Brazil, Latin America’s largest economy, has arguably already made the greatest recent sacrifice in Haiti of any nation. For some five years, Brazil’s contingent of over 1,250 peacekeepers has led the United Nations Stabilization Mission in Haiti, known as Minustah for its French acronym. A few months before the quake, Brazil estimated it had spent $380 million on Haiti peacekeeping, with only a fraction being repaid by the United Nations.

Other South American nations, including Uruguay, Argentina, and Bolivia, also made significant contributions to Minustah. But Brazil lost the most lives in the quake: 19 members of its Minustah contingent died Jan. 12.

Brazil also lost Dr. Zilda Arns, 75, a beloved pediatrician and aid worker, who had been nominated for the Nobel Peace Prize. She was in Haiti working on issues affecting poor children.

At her funeral Jan. 15 in Brazil, Gilberto Carvalho, chief of staff to President Luiz Inacio da Silva, called Arns a “martyr” and said her death underlined Brazil’s obligation to live up to her example by “adopting” Haiti.

The Brazilian government’s post-earthquake aid to Haiti already totals $230 million, according to daily newspaper Folha de São Paulo.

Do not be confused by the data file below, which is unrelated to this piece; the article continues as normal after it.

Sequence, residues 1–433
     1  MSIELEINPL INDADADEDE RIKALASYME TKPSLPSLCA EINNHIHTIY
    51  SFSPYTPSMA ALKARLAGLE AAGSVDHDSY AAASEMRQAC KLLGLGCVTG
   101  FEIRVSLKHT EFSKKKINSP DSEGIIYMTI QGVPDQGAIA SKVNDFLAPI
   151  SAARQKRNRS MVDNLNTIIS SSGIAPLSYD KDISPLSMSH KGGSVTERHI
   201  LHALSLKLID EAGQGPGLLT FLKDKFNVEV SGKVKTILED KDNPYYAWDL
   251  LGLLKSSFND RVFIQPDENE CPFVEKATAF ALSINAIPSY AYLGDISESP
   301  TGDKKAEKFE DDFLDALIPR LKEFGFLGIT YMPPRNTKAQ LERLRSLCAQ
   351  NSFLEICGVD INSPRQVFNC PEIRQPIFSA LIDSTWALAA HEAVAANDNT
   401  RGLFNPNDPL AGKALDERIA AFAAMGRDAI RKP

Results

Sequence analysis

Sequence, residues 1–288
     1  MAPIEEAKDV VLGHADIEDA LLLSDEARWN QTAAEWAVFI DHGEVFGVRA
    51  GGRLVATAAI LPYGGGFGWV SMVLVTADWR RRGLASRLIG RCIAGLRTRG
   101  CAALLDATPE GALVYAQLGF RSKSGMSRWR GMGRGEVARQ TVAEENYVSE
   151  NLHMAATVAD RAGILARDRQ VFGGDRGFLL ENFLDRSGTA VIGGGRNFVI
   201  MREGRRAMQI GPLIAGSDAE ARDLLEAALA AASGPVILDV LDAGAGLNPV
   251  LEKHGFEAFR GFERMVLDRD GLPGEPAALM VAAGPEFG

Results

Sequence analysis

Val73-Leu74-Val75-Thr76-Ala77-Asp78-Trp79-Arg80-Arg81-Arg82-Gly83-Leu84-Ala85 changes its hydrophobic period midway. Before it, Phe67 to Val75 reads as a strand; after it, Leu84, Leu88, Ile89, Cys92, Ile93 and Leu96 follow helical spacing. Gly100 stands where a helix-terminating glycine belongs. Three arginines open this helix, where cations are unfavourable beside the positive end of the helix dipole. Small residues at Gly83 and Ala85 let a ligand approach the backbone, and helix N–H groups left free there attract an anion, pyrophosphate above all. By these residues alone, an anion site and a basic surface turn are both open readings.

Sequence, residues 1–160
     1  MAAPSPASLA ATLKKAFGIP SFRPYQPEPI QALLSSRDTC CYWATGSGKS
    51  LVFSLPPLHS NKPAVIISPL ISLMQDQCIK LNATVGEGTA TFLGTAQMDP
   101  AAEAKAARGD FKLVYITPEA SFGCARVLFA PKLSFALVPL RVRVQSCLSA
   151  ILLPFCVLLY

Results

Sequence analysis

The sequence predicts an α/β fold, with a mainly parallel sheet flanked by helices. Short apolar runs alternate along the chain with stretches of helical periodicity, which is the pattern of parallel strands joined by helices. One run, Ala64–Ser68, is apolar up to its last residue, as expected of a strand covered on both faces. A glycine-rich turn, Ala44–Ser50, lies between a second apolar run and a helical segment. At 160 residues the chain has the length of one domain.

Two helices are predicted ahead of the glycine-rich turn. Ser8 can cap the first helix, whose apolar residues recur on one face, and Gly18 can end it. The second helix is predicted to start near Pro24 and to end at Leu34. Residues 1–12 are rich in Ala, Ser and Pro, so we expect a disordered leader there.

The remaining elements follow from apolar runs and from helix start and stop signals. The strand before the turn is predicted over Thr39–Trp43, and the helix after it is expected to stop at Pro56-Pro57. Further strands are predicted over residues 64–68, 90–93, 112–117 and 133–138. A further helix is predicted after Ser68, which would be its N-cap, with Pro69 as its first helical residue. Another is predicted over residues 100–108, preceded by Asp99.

And although Brazil has thanked the U.S. military for its 20,000 troops in Haiti to assist in relief, Brazil has not been shy about pressing for a continued leadership role of its own. Brazilian Foreign Minister Celso Amorim, when asked by reporters on Jan. 23 in Port-au-Prince if Haiti needed a Marshall Plan to resurrect itself, he replied, “Why not a Plan Lula?” using the nickname by which Brazil’s president is known.

Lula has made calls to Haitian President René Préval and U.S. President Barack Obama to coordinate humanitarian efforts, but also to reassert Minustah’s authority amid the flood of U.S. troops.
This week, Brazil announced it is doubling its Minustah contingent.

But even Brazil has encountered pushback as it mounts a response. Sandy, a hugely popular Brazilian 27-year-old singer, used her Twitter account to ask why Brazilians seemed so enthused to help Haiti when thousands of Brazilians affected by deadly mudslides and storms at year’s end had received little attention.

Her comment provoked an online backlash, and she retreated. But the dust-up reveals the mindset of scarcity and nationalism that poorer nations must contend with when participating in international aid operations.

Being poor didn’t stop small Caribbean nations from making contributions. Grenada, and St. Vincent and the Grenadines, for example, each sent Haiti $100,000.

But the Caribbean’s greatest contribution to Haiti’s reconstruction might be reminding the international community not to marginalize Haitians from the process.

Former Jamaican Prime Minister P.J. Patterson, who represented Caricom, the 15-member Caribbean community of states, at the Montreal summit, offered a word of warning. “Unless there is ownership by those directly affected,” he said in a speech, “the best laid plans will come to naught.”

Related Articles:

Poll of the Haitian Diaspora on the Earthquake

Haitians Need to Work With Diaspora to Rebuild Haiti

Saving Haiti, Saving Humanity